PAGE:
Just about every folk tale of African origin or book set in pre-colonial times has the calabash as a regular feature. Its presence is always there, lurking at the corners of huts and houses or front and center in the market place. It is the object that young girls used when they went to the streams to fetch water, and was always as effective as the basket when it came to carrying foodstuff after the harvest was done. The calabash is wonderfully versatile.
This amazing object is considered so universally African that during the FIFA 2010 World Cup held in South Africa, the very first one on African soil, the Soccer City Stadium was reconstructed into the shape of a calabash. This was done as a representation of Africa as a whole and to demonstrate that Africa is a true melting pot.
In various communities across Africa, the calabash is also used to make musical instruments. It has been made into everything from a tambourine to a water drum.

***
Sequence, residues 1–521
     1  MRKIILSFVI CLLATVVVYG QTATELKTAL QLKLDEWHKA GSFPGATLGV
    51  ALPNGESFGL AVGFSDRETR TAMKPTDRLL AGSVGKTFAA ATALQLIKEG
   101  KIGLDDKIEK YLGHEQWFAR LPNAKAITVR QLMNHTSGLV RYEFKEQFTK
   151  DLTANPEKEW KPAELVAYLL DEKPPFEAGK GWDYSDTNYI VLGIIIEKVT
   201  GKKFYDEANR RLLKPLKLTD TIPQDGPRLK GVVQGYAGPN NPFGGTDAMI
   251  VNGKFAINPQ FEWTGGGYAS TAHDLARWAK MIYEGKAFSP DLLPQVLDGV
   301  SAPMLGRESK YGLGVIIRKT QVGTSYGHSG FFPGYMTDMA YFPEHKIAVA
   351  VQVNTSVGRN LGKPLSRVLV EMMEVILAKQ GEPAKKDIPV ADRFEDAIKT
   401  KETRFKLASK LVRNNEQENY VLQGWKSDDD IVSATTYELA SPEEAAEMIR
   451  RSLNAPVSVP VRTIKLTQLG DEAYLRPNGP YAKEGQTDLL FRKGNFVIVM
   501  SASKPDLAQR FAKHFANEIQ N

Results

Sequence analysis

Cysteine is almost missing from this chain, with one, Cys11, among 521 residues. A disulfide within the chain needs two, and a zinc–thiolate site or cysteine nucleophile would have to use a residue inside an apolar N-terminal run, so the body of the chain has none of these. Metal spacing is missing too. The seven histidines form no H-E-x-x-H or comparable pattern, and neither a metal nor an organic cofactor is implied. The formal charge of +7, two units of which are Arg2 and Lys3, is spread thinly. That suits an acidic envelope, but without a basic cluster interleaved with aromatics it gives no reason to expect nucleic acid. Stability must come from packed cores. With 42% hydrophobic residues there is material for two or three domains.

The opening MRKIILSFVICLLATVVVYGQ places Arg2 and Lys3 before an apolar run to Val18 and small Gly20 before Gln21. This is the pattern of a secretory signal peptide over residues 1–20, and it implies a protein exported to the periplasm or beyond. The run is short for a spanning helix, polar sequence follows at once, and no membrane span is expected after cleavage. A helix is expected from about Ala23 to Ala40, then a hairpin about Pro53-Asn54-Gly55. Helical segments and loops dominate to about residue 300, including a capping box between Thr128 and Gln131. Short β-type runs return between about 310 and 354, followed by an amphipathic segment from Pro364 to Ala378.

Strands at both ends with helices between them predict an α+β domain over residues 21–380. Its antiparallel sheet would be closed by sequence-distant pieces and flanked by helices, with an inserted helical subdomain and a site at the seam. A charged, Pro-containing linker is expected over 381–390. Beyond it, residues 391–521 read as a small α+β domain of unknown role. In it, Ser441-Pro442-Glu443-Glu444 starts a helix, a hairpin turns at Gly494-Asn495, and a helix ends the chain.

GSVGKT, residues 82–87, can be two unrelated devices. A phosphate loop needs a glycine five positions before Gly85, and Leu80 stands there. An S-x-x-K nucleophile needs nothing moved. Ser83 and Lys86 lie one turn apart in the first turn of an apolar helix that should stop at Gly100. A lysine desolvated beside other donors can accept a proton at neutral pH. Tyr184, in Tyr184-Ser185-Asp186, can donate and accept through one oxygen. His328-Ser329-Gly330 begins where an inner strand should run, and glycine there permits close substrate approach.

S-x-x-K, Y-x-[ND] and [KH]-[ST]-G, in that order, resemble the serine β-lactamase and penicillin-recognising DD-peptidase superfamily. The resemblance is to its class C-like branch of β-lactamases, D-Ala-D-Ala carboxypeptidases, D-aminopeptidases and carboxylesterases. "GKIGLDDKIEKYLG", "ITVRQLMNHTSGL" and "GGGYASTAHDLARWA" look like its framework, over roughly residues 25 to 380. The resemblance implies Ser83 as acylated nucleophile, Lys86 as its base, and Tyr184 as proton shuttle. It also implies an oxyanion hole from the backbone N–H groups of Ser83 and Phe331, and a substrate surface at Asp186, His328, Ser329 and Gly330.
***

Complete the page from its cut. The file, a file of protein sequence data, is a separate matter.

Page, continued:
Additionally, smaller ones have been used as the designated cup to drink the unique African palm wine.
Like many other things originating in Africa, the calabash has steadily gained ground as a piece of art for home décor. Because it can be decorated and adorned, it is the perfect canvas for art enthusiasts and homeowners interested in spicing up their living spaces.
From harvest aid to home décor, the calabash is more than just an object; it is a wonderful representation of all the things that are unique and beautiful about Africa and Africans: we are absolutely versatile and there is nothing we cannot do.